Search Images Maps Play YouTube News Gmail Drive More »
Sign in
Screen reader users: click this link for accessible mode. Accessible mode has the same essential features but works better with your reader.

Patents

  1. Advanced Patent Search
Publication numberUS7567583 B2
Publication typeGrant
Application numberUS 10/498,052
PCT numberPCT/JP2003/010200
Publication dateJul 28, 2009
Filing dateAug 11, 2003
Priority dateSep 13, 2002
Fee statusPaid
Also published asCN1606837A, CN100392997C, DE60316933D1, DE60316933T2, EP1501210A1, EP1501210A4, EP1501210B1, EP1684445A2, EP1684445A3, EP1684445B1, US8208488, US8750325, US20050117520, US20090258609, US20120231755, US20140211876, WO2004025874A1
Publication number10498052, 498052, PCT/2003/10200, PCT/JP/2003/010200, PCT/JP/2003/10200, PCT/JP/3/010200, PCT/JP/3/10200, PCT/JP2003/010200, PCT/JP2003/10200, PCT/JP2003010200, PCT/JP200310200, PCT/JP3/010200, PCT/JP3/10200, PCT/JP3010200, PCT/JP310200, US 7567583 B2, US 7567583B2, US-B2-7567583, US7567583 B2, US7567583B2
InventorsKenichi Miyoshi
Original AssigneePanasonic Corporation
Export CitationBiBTeX, EndNote, RefMan
External Links: USPTO, USPTO Assignment, Espacenet
Radio transmission device and radio transmission method
US 7567583 B2
Abstract
Data streams stored in buffers (101) are modulated by modulation sections (102). Multipliers (103) multiply the signals output from the modulation sections (102) by weights output from a weight control section (112). The signals output from the multipliers (103) are added up by addition sections (104), subjected to radio transmission processing by transmission radio sections (105) and sent through antennas (106). A buffer control section (111) controls the buffers (101) based on a retransmission count output from a retransmission count detection section (110). The weight control section (112) outputs weights different from weights at the time of previous transmission to the multipliers (103) every time data is retransmitted. This allows a diversity gain at the time of data retransmission to be increased even if a time variation of the propagation path environment for radio signals is slow.
Images(14)
Previous page
Next page
Claims(4)
1. A radio transmission apparatus comprising:
a plurality of antennas;
a weighting section operable to weight a plurality of data streams with a first set of weight vectors in a first transmission and to weight the plurality of data streams with a second set of weight vectors in a second transmission, the second set being different from the first set; and
a transmission section operable to transmit the plurality of data streams weighted with the first set of weight vectors from the plurality of antennas in the first transmission and to transmit the plurality of data streams weighted with the second set of weight vectors from the plurality of antennas in the second transmission;
wherein the weight vectors of the second set of weight vectors comprise the weight vectors of the first set of weight vectors, and wherein, in the second set of weight vectors, each of the weight vectors of the first set of weight vectors is switched in position relative to its position in the first set of weight vectors.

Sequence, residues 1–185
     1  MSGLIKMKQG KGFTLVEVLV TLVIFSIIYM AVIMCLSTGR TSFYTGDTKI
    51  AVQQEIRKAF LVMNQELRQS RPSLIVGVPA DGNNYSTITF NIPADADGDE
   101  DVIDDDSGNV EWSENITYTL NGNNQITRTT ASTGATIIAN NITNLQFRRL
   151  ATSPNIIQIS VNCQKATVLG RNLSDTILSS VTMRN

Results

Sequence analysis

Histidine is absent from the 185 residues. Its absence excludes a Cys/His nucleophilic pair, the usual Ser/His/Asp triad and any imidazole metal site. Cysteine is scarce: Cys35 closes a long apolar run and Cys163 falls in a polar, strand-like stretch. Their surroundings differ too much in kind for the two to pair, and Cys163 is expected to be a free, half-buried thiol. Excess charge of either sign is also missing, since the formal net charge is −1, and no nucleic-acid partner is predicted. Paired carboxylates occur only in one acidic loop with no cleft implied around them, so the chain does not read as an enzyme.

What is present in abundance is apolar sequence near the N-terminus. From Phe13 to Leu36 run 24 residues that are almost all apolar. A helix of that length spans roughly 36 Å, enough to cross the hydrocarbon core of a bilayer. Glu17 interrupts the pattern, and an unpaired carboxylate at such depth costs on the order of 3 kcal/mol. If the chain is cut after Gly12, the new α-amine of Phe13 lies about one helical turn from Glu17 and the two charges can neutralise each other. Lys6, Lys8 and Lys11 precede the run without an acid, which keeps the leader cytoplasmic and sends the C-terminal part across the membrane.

2. A radio transmission method comprising:
weighting a plurality of data streams with a first set of weight vectors;
transmitting in a first transmission the plurality of data streams weighted with the first set of weight vectors from a plurality of antennas;
switching each of the weight vectors of the first set of weight vectors with respect to its position in the first set of weight vectors to produce a second set of weight vectors which is different from the first set of weight vectors;
weighting the plurality of data streams with the second set of weight vectors; and
transmitting in a second transmission the plurality of data streams weighted with the second set of weight vectors from the plurality of antennas.
3. A base station apparatus equipped with said radio transmission apparatus according to claim 1.
4. A mobile station apparatus equipped with said radio transmission apparatus according to claim 1.
Description
TECHNICAL FIELD

The present invention relates to a radio transmission apparatus and radio transmission method.

BACKGROUND ART

As a technology for realizing communications of large-volume data such as images, MIMO (Multi-Input Multi-Output) communications are being studied actively in recent years.

Among them, BLAST (Bell Laboratories Layered Space-Time) in particular is a focus of attention as an application capable of realizing high-speed transmission using an MIMO channel. This is a technique for transmitting mutually independent (or coded) streams from a plurality of transmission antennas and detecting the respective streams while repeating spatial filtering and removal of replicas on the receiving side.

Furthermore, when the MIMO channel information is known to the transmitting side, it is known that a greater channel capacity can be obtained. More specifically, this is realized by carrying out directivity control using an eigen vector obtained through singular value decomposition of a matrix which consists of the respective channel responses of the MIMO channels as elements and forming a spatially orthogonal channel (eigen channel). That is, when the MIMO channel information is known to the transmitting side, it is possible to form an orthogonal channel through multi-beam formation using the eigen vector, performing transmit power control through an irrigation theorem and thereby maximize the channel capacity (e.g., TECHNICAL REPORT OF IEICE RCS2002-53 (2002-05), Institute of Electronics, Information and Communication Engineers).